Free and Proper Elections

NCFPE Poltical Blog and News Tracker

Free and Proper Elections - NCFPE Poltical Blog and News Tracker

North Carolinians for Free and Proper Elections

Welcome to the North Carolinians for Free and Proper Elections Political Action Committee. There are two questions that we would like you and every other citizen of the great Tar Heel state of North Carolina to ask themselves. First, is the right to vote your conscience one of the citizens’ most basic rights inherent in our Republican form of government? Second, can any level of government rightfully abridge or deny it’s citizens the right to vote specifically based on political affiliation?

As a grass-roots group of concerned citizens in North Carolina, we feel that the answer is obvious. We believe that the right to vote one’s conscience is a valuable and inherent right that our servicemen and women have died to protect over the past two and one half centuries; the right to choose who represents you. So, in return, we strongly believe that that no level of government has any authority to abridge the citizen’s right to vote based on political affiliation. Yet, that is exactly what has continued to happen for over one hundred years now by our state’s policy makers.

In 1901, the state of North Carolina enacted the first ballot access law, along with the implementation of the state printed ballot (called the Australian Ballot). This first ballot access law was simply the definition of a political party recognized by the state. Yet, North Carolina started off with a bang, requiring parties to have garnered at least 50,000 votes in the 1900 General Election to remain a ballot-recognized party in the state, automatically establishing a Republican-Democratic duopoly from the beginning of the state-printed ballot.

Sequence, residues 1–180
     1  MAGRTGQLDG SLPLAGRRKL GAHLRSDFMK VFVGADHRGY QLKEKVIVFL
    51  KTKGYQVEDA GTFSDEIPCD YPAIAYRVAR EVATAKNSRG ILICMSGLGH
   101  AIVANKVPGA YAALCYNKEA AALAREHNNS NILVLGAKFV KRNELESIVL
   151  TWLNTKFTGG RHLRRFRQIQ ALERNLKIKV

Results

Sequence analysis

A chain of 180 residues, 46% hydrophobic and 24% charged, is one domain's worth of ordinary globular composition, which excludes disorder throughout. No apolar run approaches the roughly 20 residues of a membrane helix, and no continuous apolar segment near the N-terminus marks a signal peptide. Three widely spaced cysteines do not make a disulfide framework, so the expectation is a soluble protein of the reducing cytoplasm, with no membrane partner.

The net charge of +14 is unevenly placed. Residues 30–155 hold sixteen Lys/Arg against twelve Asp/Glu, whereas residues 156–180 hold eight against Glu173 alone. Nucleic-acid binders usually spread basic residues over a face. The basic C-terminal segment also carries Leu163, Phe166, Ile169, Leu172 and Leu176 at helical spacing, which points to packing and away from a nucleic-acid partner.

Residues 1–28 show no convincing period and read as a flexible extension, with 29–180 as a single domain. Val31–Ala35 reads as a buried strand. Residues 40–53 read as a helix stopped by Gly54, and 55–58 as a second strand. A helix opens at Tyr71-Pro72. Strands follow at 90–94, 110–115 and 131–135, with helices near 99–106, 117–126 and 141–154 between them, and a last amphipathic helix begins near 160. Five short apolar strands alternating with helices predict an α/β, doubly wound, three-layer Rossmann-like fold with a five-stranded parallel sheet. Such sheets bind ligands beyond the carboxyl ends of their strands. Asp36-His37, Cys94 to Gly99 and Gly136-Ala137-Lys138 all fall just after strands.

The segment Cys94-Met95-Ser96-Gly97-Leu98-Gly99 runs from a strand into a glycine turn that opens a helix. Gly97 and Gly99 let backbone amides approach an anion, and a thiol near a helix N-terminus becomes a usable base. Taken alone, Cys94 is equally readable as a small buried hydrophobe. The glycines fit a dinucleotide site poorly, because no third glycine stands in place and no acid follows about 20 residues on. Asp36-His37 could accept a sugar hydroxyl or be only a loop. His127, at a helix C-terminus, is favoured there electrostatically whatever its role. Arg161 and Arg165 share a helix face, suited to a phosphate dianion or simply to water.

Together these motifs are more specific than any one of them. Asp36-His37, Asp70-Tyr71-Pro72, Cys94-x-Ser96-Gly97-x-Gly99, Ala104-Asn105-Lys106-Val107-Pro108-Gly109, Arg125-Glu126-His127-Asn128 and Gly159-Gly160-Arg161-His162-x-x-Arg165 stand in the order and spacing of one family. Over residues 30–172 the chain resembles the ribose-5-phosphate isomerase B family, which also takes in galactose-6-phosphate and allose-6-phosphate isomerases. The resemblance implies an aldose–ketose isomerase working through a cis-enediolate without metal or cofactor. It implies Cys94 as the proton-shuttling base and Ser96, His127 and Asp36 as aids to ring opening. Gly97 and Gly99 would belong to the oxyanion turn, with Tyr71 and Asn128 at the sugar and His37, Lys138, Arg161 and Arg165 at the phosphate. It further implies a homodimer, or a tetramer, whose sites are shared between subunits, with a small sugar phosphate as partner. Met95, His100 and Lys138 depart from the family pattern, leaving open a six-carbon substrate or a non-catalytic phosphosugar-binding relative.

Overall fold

Now, over 100 years after the implementation of the state-regulated ballot, North Carolina has revised its laws regulating who can and cannot get on the ballot numerous times and still we do not truly have free elections as required by the North Carolina State Constitution which reads in Article I Section 10: “All elections shall be free.” We ask ourselves why our representatives do not represent us, why they promise one thing on the campaign trail and then deliver nothing in office, why can we not trust them. We at the North Carolinians for Free and Proper Elections, believe that it is a result of the unfair and restrictive ballot access laws which nearly ensure that only the two major parties have an equal chance on election day by making it nearly impossible to gain access to the ballot, allowing the two major parties to run unopposed by third party or unaffiliated candidates in most elections.

What people forget, and neglect to understand, is that in pre-1900 America, elections where generally free and equal; third political parties had a chance and they undertook important, meaningful roles in early-American politics. They served as agents of change and progress, ensuring that issues such as women’s suffrage and the abolishment of slavery were on the table, whereas the two major parties would have otherwise failed to act. Yet, since those grand old days when the citizens and political parties printed the ballots themselves and were able to vote their conscience, things have changed, but regretfully, not for the better.